In biology, adaptation is the degree to which an organism successfully responds to changes in its environment and the subsequent evolutionary benefit this confers.


The International Compliance Association (ICA) is a professional membership and awarding body. ICA is the leading global provider of professional, certificated qualifications in anti-money laundering; governance, risk, and compliance; and financial crime prevention. ICA members are recognized globally for their commitment to best compliance practice and an enhanced professional reputation. To find out more, visit the ICA website.

It’s easy to see how this advantageous trait can extend beyond natural science. In the workplace, for instance, adaptability helps foster better relationships with colleagues and clients; allows one to accept and implement change more quickly; and demonstrates flexibility, maturity, and intelligence.

It is important for compliance professionals, and if cultivated with diligence and care, can help better protect our firms from future risks.

Our world is fast-changing; to ensure we thrive within it, we must be able to respond effectively, utilizing adaptability for its many benefits both individually and for the firms in which we work.

The question, then, is how we do so.

Adaptability skills

Ability to learn: Adaptable individuals are quick learners. They are good at putting that learning into practice, proficient in identifying trends and patterns, and often better able to recollect past discoveries to make decisions quickly.

Those that practice adaptability are always looking for ways to improve and so are also willing learners. Whether it is a positive or negative change, they are not discouraged by failure, which they see as part of the learning process.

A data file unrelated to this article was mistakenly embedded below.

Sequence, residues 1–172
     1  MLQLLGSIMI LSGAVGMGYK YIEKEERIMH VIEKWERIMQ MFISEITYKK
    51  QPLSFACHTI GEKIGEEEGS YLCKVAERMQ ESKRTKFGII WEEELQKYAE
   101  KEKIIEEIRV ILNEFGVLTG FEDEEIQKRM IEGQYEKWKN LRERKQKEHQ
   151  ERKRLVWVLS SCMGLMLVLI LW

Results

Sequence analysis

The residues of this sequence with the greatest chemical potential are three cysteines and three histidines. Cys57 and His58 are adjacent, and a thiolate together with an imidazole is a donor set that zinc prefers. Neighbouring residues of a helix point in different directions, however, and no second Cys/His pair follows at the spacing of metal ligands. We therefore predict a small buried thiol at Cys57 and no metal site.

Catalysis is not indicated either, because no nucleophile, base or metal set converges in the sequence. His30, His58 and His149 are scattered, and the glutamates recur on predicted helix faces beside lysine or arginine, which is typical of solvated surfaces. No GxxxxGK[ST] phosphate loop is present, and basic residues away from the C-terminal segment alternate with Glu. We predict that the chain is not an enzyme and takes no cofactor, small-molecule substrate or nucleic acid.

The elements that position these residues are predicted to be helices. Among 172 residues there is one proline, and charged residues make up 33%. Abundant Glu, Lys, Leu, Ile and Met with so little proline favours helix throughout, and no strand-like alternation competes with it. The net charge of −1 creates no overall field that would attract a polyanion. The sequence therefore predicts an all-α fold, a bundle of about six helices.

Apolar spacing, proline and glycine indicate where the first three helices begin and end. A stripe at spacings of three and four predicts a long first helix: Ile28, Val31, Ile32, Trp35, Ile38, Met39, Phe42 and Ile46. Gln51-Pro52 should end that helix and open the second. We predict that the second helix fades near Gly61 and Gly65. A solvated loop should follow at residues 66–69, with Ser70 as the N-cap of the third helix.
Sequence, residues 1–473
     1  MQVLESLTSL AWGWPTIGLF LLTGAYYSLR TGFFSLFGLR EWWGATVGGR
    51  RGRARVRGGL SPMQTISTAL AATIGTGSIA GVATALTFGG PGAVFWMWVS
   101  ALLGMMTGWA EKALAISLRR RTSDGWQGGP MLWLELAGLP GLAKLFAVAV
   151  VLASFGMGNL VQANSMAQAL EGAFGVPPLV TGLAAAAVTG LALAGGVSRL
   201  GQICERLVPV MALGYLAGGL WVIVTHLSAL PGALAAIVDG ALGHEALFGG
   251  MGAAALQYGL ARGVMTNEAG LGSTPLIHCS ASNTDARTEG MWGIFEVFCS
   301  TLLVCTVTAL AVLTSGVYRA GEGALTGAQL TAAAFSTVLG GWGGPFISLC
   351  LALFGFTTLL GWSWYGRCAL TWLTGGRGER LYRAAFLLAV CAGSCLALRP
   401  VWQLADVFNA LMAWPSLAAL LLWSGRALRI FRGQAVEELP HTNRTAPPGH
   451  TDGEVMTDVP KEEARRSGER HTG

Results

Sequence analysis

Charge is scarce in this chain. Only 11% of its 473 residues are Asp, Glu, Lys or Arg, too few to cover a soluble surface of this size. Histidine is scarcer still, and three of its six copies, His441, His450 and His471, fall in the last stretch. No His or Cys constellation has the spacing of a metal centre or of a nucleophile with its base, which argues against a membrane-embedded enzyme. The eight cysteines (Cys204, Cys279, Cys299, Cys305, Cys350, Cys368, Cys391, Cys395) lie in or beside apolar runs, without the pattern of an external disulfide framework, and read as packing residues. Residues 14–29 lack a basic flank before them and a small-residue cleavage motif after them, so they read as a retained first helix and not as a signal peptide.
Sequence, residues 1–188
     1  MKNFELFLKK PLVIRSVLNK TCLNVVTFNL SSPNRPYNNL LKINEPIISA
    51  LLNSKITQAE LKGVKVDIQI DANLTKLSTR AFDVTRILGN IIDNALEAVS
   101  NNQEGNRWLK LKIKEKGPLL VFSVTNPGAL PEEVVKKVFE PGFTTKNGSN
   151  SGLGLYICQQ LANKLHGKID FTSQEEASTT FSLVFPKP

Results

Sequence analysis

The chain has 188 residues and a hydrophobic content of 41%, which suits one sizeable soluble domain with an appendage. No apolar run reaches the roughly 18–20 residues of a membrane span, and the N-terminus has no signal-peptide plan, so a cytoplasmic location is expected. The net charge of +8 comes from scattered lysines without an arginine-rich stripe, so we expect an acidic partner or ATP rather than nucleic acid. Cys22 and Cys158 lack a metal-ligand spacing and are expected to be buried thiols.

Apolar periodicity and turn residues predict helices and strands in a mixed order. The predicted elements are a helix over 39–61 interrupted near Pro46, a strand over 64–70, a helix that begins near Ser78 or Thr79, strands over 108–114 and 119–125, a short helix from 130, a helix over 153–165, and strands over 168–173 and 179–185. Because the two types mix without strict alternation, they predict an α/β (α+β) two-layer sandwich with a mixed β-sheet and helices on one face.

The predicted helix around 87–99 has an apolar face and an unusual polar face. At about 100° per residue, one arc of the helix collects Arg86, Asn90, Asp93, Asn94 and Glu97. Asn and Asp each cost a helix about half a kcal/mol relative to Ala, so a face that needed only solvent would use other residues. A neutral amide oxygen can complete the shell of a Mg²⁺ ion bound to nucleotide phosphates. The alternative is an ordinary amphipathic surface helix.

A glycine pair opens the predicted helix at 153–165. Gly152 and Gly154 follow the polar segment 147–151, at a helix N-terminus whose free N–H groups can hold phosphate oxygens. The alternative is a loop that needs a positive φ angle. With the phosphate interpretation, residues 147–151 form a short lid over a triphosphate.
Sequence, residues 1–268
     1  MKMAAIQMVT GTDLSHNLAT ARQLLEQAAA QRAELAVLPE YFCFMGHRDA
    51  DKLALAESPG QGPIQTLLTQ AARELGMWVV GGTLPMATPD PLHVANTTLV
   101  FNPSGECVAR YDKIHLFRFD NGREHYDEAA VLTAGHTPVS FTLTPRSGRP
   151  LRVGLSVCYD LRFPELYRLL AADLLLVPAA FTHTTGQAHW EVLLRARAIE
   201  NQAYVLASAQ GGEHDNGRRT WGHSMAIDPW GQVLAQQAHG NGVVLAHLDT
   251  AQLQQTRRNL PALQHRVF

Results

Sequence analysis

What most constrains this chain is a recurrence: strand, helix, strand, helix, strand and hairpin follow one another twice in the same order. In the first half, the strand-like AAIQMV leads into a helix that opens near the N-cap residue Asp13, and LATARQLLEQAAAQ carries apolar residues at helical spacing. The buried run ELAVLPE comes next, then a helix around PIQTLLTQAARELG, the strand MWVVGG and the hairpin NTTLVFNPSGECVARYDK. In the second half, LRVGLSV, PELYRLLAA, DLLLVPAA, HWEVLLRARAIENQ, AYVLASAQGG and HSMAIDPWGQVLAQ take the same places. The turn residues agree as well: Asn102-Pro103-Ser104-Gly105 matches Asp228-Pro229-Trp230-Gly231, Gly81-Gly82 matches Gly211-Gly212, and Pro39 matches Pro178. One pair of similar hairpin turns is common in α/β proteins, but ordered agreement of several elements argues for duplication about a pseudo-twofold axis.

Persistence: Adaptable people don’t merely accept failure and will constantly seek ways of achieving their objectives no matter the obstacles. Always striving for better methods to work or solve problems, they see challenges as exciting and try to stay positive and focused.

Resourcefulness: The adaptable often distinguish themselves through their resourcefulness, being able to formulate more efficient techniques to overcome adversity. When confronted with insufficient funding or depleted staffing levels, adaptable staff will diverge from the “traditional” way of conducting business to achieve their goals in a more frugal manner.

Curiosity: Those that are adaptable are by their nature curious. They love searching for new ways of working and are fascinated by novel ideas, activities, and outcomes. Curious individuals are keen to investigate and not afraid of new ideas, suggestions, or of receiving constructive criticism.

Why is adaptability so important to compliance?

Issues that affect compliance appear rapidly and are usually difficult. Failure to address these issues in a quick and effective manner might, for firms, lead to large fines, reputational damage, or worse.

Interestingly, the ability to adapt has been central to mitigating some of the biggest compliance challenges of the last decade.

Covid-19: Compliance teams faced the logistical headache of helping firms adapt to sudden, mass remote working. Though other industries were required to do the same, compliance is a high-risk sector, where missing a vital piece of information, a simple transaction, or delaying a review can result in potentially severe consequences.

Criminal activity—in particular, online fraud and scams—intensified during the pandemic. With more people working from home, fraudsters quickly altered their methods to target victims, leading to a surge in serious crime. Adapting to this helped stop fraud figures from being even higher.

Cryptocurrencies: The growth of cryptocurrencies has changed the way many view traditional currencies, including criminals. Criminal activity historically conducted through traditional financial institutions is now often undertaken via crypto, and it is the job of compliance practitioners to adapt to these changes while identifying transactions of concern, trends, and solutions.